Also, they said, by the time smallpox victims reach the infectious stage, when their pox are erupting, they are too sick to wander around. That is why outbreaks in schools or factories were nearly unheard of.

Smallpox was eradicated by “ring vaccination” — finding each case and vaccinating just the 50 to 200 people closest to it.

If there were a lage-scale bioterrorism attack using smallpox, health officials could move quickly, some experts say.

“If we had to, we could vaccinate the entire country in three days,” said Dr. William H. Foege, another leader of the smallpox eradication effort who now advises the Bill & Melinda Gates Foundation. This vaccine does not use a syringe, but a forked pin that Dr. Foege said he could “train anyone to use in 10 minutes.” In a true emergency, he argued, schoolteachers, police officers, firefighters and others would all be vaccinators.

Other experts think that is overoptimistic, since an attack would cause panic.

Also, Dr. Rose of Siga pointed out, there are only an estimated 700 million doses of smallpox vaccine in a world of 7 billion people, so the United States might use its vaccine and Arestvyr stockpile to help other countries. (Only the United States, Japan and Israel are believed to have enough doses for their entire populations, experts said.)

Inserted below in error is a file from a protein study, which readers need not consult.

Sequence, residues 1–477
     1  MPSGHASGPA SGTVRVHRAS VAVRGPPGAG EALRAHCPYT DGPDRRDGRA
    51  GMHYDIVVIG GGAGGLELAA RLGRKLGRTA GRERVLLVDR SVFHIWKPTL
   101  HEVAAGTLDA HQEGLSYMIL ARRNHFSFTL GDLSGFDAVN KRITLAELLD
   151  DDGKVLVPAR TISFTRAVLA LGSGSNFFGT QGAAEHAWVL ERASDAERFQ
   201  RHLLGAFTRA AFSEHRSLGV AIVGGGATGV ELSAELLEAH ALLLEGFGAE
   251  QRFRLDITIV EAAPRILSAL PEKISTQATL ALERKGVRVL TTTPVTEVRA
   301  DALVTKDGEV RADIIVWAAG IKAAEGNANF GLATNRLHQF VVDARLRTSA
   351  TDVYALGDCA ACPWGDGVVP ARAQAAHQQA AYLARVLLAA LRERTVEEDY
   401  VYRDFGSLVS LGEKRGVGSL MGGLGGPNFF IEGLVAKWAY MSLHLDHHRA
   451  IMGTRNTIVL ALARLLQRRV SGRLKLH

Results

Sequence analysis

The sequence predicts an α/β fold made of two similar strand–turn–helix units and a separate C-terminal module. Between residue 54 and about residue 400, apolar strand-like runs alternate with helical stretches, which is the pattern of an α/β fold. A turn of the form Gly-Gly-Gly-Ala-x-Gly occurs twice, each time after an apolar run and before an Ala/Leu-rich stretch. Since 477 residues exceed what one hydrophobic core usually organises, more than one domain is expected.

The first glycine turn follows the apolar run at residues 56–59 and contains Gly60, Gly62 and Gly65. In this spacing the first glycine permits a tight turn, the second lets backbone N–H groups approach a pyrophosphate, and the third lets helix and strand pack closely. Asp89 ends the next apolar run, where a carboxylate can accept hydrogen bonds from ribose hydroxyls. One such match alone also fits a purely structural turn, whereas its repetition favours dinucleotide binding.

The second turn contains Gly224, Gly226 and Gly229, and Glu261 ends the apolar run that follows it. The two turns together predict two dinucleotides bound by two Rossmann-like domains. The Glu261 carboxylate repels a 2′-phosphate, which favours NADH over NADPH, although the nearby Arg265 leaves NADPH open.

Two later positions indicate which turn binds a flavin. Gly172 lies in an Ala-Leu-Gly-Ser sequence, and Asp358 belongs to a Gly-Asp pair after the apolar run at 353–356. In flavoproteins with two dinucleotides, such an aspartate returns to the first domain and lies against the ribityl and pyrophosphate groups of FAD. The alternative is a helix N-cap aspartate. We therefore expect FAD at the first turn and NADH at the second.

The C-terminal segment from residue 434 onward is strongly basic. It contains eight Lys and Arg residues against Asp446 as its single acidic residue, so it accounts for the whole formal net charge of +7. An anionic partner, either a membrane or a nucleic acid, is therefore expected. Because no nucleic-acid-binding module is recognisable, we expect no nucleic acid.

Dr. Henderson and Dr. Philip Russell, who formerly headed the Walter Reed Army Institute of Research and served on the advisory panel with him, said they expected the government to pay much less for an antiviral drug since they cost little to make and the alternative, vaccines, cost the government $3 a dose. “If they’re talking $250 a course, they’re a bunch of thieves,” Dr. Russell said.

Other experts, like Dr. Grabenstein, said that since the drugs have no other use, they are like aircraft carriers: to entice companies to make them, the government has to pay all the costs plus guarantee the producer a profit — and that it might be prudent to have extras on hand.

Mr. Perelman’s company, MacAndrews & Forbes, has spent more than $1 million lobbying each year since 2008, according to the Center for Responsive Politics, a watchdog group. A spokeswoman for the company, Christine Taylor, said it had done “absolutely no lobbying” for the Siga contract.

Original post here

 

Tags: , ,

Petition to STOP Cruelty to dogs in China: Pls. sign in the comments area

Reposted from here

dog cruelty 4dog cruelty 2dog cruelty 3

To: The CHINESE GOVERMENT

Through Mr. Obama (US President) and
Mr. Barroso (President of the European Commission),

We are all world citizens and were shocked to see how the Dogs are treated and killed in China, as you can see directly from the snapshots above and in this video below.